Anyone who knows me knows I am obsessed with chronological age. When I am interacting in everyday life, I always feel somewhere around 25. Even when I talk about my children who are getting older, I seem to forget that means I am getting older, too. I spend each day trying to experience it as myself, but the self I perceive and the self that others see is vastly different.
Example #1: During Spirit Week, each day has a different theme. Wednesday’s theme was Cleveland’s sports. The entire student body and staff were encouraged to wear Cleveland gear– Indians, Browns, Cavs, or Monsters– and unify as a school. I decided to wear a Justin Masterson jersey I got for free at a game over the summer. (Actually, I have five– they gave them to anyone entering the stadium– if you want one, let me know. You can have it!) I walked into my first period class of seniors at 7:30. One of my favorite students walked through the door right after I did and saw what I was wearing. He said, “Oh my gosh, I almost wore the same thing today,” pointing at my jersey.
I felt immediate elation. I felt we had found a bond. We were at the same game over the summer; we shared a common interest in the Tribe; he is a bright kid excelling in my class.
“You should have worn it; we could have been twins,” I said, probably with a bit too much zeal, mind you.
He smiled at me awkwardly and took his seat. I heard him say to the girl who sits next to him. “Thank God I didn’t wear it. If I would have been wearing it, I would have wanted to take it off.”
Example #2: We were at the Monsters game this past Friday with our girls. Two rows in front of us was a group of twenty-something men. They reminded me of what we used to be: fun-loving, slightly obnoxious, but always out to have a good time. Jokingly, one the guys started to cheer for the Grand Rapids Griffins. Every time they scored, he would hoot and holler. It was all fun and games while the Monsters were up 3-0, but as the Griffins inched their way back into the game, it became less and less fun.
At one point, the Griffins almost scored and the entire section booed are new-found enemy. He turned around playfully and looked at us all, “What? What?”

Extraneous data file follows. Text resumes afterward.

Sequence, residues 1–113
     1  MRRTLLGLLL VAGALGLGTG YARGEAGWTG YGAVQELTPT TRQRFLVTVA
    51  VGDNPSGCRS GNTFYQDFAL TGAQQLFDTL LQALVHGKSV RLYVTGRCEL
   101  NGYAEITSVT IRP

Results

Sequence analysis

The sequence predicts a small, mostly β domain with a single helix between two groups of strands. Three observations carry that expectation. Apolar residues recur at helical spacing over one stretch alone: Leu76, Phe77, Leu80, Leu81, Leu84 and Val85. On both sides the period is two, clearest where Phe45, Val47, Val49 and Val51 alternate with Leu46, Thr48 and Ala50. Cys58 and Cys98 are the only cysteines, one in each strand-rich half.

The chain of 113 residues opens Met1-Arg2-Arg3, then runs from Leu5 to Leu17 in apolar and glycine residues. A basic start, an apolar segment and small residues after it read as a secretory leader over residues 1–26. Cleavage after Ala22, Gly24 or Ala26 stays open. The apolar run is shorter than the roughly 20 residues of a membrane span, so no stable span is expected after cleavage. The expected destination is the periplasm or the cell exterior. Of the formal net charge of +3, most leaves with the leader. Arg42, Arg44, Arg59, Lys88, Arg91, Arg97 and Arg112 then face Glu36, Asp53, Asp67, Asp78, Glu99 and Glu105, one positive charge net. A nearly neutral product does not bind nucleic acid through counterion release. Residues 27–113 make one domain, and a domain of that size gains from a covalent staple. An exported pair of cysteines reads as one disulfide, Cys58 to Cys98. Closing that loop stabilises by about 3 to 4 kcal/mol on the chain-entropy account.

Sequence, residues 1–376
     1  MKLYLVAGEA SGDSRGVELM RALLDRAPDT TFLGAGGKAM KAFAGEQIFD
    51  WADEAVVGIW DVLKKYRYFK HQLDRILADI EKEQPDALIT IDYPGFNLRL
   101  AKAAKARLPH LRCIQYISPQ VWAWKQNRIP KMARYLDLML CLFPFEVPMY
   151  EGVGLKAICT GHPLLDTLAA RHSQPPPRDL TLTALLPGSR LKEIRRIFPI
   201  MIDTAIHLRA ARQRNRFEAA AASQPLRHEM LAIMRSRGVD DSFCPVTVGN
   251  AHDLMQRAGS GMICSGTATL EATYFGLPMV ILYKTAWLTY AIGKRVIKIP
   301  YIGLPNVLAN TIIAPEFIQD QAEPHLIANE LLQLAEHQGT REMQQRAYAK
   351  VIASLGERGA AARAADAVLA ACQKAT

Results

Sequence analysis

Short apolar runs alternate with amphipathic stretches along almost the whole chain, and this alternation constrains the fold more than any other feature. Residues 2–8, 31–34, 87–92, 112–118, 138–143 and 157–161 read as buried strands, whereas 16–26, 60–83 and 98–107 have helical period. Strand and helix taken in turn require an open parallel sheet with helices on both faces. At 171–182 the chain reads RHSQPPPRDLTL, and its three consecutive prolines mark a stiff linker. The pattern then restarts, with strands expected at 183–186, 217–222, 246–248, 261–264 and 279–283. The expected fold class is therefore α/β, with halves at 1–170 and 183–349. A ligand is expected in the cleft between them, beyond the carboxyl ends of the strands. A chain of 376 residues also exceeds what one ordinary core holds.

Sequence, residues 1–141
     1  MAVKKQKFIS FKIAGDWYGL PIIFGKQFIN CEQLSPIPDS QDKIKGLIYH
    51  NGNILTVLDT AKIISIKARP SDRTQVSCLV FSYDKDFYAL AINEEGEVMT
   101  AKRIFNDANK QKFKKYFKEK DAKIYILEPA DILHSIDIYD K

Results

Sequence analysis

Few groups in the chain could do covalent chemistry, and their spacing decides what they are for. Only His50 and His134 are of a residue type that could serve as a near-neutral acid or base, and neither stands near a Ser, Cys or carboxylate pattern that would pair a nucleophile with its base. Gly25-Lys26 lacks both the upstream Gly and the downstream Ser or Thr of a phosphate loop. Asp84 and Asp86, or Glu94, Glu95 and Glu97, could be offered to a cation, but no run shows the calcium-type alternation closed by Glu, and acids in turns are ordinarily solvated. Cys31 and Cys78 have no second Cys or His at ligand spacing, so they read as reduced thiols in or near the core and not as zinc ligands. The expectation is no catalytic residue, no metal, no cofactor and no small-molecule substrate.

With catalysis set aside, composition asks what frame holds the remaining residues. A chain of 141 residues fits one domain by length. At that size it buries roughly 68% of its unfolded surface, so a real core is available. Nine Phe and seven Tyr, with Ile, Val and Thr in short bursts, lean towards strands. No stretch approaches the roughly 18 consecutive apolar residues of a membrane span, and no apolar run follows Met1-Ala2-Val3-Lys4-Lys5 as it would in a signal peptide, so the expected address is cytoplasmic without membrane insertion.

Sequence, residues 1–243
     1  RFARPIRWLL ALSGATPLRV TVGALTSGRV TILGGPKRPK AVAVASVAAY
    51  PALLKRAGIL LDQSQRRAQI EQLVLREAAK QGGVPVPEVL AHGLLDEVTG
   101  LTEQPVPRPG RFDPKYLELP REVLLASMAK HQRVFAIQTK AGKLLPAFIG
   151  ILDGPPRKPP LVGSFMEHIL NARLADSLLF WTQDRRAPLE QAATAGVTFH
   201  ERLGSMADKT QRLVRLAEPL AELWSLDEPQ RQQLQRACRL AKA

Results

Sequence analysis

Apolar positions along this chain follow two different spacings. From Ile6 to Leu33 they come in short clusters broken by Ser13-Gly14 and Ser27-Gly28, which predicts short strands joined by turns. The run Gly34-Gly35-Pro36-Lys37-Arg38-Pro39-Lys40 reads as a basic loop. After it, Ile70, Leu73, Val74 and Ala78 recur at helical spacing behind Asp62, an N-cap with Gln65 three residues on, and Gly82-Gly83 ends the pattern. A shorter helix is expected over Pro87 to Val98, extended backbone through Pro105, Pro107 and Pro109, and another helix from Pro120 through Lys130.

I found him slightly cute, and I enjoyed his lively demeanor. I yelled to him, “You’re lucky; that was close. If they score, you have to buy a beer for every adult in the section.”
He looked at me and then said to the crowd, “Oh, that’s right, make the young guy buy the beer.”
In each example I provide I have to admit my ego was deflated. My student would be embarrassed to wear the same jersey as I? At the game, the boy and I were practically the same age. Yet, in each circumstance, I was perceived as old. If I tell you I was okay with it, I would be lying. I was angry in both circumstances.
I was angry because:
- the wrinkles around my eyes just mean I laugh a lot.
- I witnessed the Challenger explode and that makes me knowledgeable, not old.
- I saw the Red Hot Chili Peppers before any of my students were born, and that makes me cool!
- I laugh when someone says “Danger, Danger Will Robinson,” and that just means I watched quality T.V.
- I remember the World Series of ’95 and ’97. Because I still feel slighted, it proves I am a true Cleveland fan.
- I landed my first real job when the majority of my students were in diapers, but that just makes me seasoned.
I am not old. I do not know what you think of my appearance, but I promise, if you spend a couple of hours with me, you will forget my chronological age. Someday, those of you who judge people only by the way they look will realize you missed out on some awesome friendships because you chose to judge a book by the cover instead of dusting off the jacket and reading a page or two!